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Lost City of Hydrothermal Vents

flange
Image: Courtesy of the National Science Foundation

Scientists on a research cruise aboard the Atlantis have stumbled upon a spectacular discovery in the Atlantic Ocean: a system of hydrothermal vents so vast they have named it the Lost City. Indeed, this vent field is the largest yet known. Moreover, the vents appear to have formed under unique circumstances that should shed light on ancient hydrothermal systems, as well as on the evolution of the surrounding area.

The team didn't set out to look for vent systems. Rather they have been studying an enormous mountain known as the Atlantis Massif, which forms part of the Atlantic Ridge, one of the world's biggest undersea mountain ranges. But explorations of the mountain revealed the vents. "These structures, which tower 180 feet above the seafloor, are the largest hydrothermal chimneys of their kind ever observed," says geologist Deborah Kelley of the University of Washington. The deposits consist of spires that can reach 30 feet in width at their tops, and delicate flanges adorn their sides (above). Even more surprising than the enormous size of the vents, however, is their composition: carbonate minerals and silica, as opposed to the iron and sulfur-based minerals that make up most other mid-ocean ridge hot spring deposits. And unlike other such hydrothermal environments, the Lost City does not appear to house clams, shrimps, mussels, tube worms and other macrofauna. The warm fluids trapped beneath the flanges, however, do support microbial communities.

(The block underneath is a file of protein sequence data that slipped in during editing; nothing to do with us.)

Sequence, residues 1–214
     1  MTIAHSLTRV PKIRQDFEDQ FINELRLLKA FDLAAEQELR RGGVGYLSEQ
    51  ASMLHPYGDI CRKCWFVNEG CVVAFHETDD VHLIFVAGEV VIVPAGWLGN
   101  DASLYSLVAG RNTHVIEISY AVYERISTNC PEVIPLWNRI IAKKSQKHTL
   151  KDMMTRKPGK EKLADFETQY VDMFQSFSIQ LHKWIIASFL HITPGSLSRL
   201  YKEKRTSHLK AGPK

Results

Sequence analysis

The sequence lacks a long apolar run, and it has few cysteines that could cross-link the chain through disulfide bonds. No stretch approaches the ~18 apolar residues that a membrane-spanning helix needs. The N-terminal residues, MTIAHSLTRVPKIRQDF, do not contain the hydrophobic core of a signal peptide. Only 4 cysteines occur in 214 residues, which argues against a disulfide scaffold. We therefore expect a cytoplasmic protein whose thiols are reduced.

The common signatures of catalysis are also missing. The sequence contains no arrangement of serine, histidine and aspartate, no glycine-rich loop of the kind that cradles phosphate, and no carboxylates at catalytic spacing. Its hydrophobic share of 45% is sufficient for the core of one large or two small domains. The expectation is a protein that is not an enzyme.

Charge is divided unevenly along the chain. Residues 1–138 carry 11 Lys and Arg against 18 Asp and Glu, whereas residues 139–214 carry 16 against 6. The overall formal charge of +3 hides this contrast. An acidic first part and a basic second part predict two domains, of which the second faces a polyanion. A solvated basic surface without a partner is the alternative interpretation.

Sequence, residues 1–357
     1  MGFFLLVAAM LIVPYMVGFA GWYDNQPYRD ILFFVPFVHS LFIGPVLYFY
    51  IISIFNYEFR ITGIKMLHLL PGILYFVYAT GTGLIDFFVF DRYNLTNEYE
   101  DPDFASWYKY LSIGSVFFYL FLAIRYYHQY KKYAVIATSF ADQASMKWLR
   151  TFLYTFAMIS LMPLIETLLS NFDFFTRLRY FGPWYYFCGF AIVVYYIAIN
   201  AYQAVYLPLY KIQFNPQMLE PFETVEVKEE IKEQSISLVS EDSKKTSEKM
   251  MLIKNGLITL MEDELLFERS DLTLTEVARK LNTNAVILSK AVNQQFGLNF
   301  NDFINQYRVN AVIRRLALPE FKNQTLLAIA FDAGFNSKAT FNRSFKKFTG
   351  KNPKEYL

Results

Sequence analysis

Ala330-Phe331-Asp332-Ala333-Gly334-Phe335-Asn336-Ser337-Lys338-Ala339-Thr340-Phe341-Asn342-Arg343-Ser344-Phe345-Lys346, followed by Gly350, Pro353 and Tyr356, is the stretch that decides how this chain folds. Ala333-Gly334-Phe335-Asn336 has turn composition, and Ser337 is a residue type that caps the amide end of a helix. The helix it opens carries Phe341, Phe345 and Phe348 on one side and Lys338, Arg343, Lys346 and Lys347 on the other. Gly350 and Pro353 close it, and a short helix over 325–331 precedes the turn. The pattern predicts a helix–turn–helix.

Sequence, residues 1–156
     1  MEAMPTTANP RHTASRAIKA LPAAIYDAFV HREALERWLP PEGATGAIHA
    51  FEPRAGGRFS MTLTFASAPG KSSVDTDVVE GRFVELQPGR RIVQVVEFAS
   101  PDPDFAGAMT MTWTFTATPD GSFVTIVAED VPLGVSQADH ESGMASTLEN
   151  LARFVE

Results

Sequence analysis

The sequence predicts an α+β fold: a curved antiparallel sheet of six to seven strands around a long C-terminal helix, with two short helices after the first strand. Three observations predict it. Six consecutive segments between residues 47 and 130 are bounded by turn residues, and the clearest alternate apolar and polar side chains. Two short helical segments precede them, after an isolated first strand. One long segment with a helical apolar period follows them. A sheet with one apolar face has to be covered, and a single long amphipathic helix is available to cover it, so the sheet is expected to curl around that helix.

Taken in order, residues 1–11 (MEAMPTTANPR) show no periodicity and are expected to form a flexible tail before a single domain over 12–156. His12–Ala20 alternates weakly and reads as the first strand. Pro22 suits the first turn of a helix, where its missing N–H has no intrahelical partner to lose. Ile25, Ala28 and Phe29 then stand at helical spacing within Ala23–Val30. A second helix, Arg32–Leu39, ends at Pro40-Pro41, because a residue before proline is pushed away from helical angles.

The team returns from the expedition this weekend, after which analyses of the rocks, fluids and biological samples they've collected can begin--studies that should reveal more about Atlantis Massif, and the Lost City on it. "If this vent field was on land," says structural geologist Jeff Karson of the Woods Hole Oceanographic Institution, "it would be a national park."

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